We landed, bundled off the plane and stood in orderly lines to enter the US. Before I go on, I would like to say for the record that I completely understand why border control and security is necessary and I realise that every sovereign nation has a right to limit the passage of foreigners across its borders. That having been said there is a grim irony in the disparity between the poster that one gets to look at while waiting at the US border, which extolls the DHS’s values of extending a courteous welcome to those visiting the “Greatest Nation on Earth” and the __actual__ welcome one __sometimes__ receives at said border. The gentleman who inspected my passport and visa waiver documentation, for example, was quite offended by my quaint English use of the word “holidays” instead of “vacation” and when I tried to correct my “error” spent a moment accusing me of lying to him **rolls eyes** (though not in front of said official). Suffice it to say I was the very soul of humility and contrition and he waved me on into the States with an admonition to “watch myself”. I am afraid to say that the unspoken coda to his comment did feel as though it was “because we’ll be watching you”.

I wandered downstairs to baggage reclaim to discover that having rescued my checked luggage I had to join a queue of people who were being randomly subjected to luggage searches. Again, I have no problem with this, apart from that at this point I was pretty bored of waiting in lines and just wanted to hand my luggage back to the airline staff to have it put on my next flight, so that I could go and get a beer. Still it did not take long and on exiting the secure area I had only to walk fifty or so feet to hand off the case. I headed for the Air Train (the monorail that connects Newark Liberty’s three terminals and the car parks) and Terminal A, to await my flight to Halifax.

As I had done last summer, I wandered into TGI Friday’s and plonked myself down at the bar. I looked up from sorting out my hand luggage to see the same woman that had served me the previous August, Katie, who introduced herself without recognising me. I did rather knock her socks off by letting on that I remembered her, and at first she did not believe me until I pointed out that I was hardly likely to forget the first person to pour me a beer in the USA. We caught up as she provided me with a cool Sam Adams and conveyed my order for fried chicken to the kitchen, and in the process I was heckled by some older gents from Dundee who decided it was time to take the piss out of the hairy sassenach.

Beer and food consumed I decided to head through security and await my ride to Nova Scotia. The departure gate area was full of people suffering delays and my heart sank, but luckily I was premature in my disappointment and my flight did actually leave on time this year.

The flight up to Halifax is less than two hours and by the time we had taken off, received complimentary snack and drink and I had listened to a playlist on my iPod we were there.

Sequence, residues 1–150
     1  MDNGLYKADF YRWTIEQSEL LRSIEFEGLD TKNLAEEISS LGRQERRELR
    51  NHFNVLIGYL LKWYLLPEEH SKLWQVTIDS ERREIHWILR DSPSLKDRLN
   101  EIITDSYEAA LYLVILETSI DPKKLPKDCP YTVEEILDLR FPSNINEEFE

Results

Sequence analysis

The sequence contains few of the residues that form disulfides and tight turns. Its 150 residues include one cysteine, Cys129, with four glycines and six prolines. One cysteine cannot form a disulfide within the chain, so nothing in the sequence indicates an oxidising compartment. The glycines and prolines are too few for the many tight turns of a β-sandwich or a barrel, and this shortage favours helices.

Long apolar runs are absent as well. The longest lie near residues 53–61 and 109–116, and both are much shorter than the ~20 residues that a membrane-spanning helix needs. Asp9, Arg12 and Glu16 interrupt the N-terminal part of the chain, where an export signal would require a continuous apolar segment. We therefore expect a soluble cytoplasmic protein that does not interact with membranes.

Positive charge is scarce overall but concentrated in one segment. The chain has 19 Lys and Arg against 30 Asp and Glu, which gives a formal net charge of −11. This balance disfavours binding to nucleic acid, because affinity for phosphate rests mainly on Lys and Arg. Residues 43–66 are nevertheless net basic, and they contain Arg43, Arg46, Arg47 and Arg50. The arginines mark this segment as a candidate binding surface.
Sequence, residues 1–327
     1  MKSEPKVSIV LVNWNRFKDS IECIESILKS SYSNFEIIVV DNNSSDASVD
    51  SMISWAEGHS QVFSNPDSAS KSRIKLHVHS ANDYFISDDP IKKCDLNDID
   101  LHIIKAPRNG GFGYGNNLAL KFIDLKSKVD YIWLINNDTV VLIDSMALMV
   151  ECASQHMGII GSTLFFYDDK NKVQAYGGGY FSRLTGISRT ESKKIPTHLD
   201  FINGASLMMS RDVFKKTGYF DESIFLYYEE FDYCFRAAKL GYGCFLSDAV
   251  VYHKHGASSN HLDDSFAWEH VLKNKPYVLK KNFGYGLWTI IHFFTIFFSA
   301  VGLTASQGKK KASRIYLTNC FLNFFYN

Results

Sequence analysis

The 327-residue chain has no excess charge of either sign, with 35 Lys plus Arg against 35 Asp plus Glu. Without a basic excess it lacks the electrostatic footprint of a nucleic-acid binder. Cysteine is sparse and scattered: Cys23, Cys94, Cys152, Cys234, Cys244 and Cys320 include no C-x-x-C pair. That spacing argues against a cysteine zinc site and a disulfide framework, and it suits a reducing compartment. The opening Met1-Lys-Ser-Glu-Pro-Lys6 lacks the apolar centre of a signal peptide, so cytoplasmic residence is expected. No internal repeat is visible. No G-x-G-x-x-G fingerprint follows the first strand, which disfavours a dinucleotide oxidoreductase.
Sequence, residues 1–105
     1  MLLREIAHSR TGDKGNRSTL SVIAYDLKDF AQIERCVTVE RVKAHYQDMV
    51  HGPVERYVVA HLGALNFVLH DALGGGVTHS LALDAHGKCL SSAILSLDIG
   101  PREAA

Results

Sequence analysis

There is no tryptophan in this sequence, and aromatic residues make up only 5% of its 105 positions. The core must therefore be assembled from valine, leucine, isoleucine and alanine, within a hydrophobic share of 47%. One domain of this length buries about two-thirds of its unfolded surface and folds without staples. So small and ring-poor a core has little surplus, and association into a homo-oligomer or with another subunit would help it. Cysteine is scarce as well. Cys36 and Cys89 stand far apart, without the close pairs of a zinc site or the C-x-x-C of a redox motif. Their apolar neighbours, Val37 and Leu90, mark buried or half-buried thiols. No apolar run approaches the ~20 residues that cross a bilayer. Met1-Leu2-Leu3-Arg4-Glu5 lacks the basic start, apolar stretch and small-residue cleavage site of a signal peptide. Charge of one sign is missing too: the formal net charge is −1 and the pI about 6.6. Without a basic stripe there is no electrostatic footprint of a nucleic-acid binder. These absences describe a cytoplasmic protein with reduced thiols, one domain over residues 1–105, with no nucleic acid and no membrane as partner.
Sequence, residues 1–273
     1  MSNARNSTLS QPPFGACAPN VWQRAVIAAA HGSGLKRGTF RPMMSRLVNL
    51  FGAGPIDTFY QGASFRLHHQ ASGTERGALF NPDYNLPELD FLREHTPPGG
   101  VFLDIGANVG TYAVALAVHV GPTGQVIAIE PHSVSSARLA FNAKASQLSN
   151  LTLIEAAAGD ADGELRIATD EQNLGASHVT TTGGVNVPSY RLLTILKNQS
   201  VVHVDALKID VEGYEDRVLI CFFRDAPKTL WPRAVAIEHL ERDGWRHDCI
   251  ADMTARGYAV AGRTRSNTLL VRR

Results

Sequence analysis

The border was a little less troublesome in Canada, and twenty minutes after touching down, I was on the street, so to speak, and getting into a cab.

I had received a text message from Janice that she was still at work, and so I asked the cabbie to take me there. Of course, fate and unreliable SMS being what they are, Janice had actually finished her shift and so the only people there to greet me were her bemused colleagues. As has always been my experience of people in the Maritimes they were lovely and helpful despite the relative oddity of having a Brit appear in their restaurant at ten-thirty on a Thursday night with a suitcase and a broken collarbone.

After a little ringing around Janice was located, at a local pizza takeaway place called Alexandra’s, and I hopped in another cab.

It was lovely to see Janice again. We met the night before Eric and Sarah’s wedding last summer, and while we spent a relatively short period of time together then she is definitely a “friend”; one of those people that one immediately feels connected to. We had remained in touch, on and off, all year via Facebook and it was as easy as pie to just fall back into each other’s company. We ate pizza and then she quickly biked home to grab her car, as she had forgotten about my injury and conceded that I was probably not going to be able to walk back to her apartment.

Once ensconced back at her place we cracked a bottle of wine and kept talking. Shortly thereafter her two room-mates, Alison and Jill, joined in and before I knew it it was 0130h (ADT) and I had been on the go for nearly twenty-four hours, albeit with a plane-sleep under my belt. We had talked about politics and movies and their up-coming bike trip and my itinerary across the East of North America, and once again I felt the warm welcome that I had discovered in Canada, fifteen months before. I know it sounds corny, but these are genuine, open and friendly people. Alison, who stuck around to chew the fat much more than Jill as she had work to finish, had never met me before. Still, by the time we all turned in we were already bouncing off one another conversationally as though we were old friends. It is these little experiences that make travelling alone, and travelling to see friends such a joy, to me at least.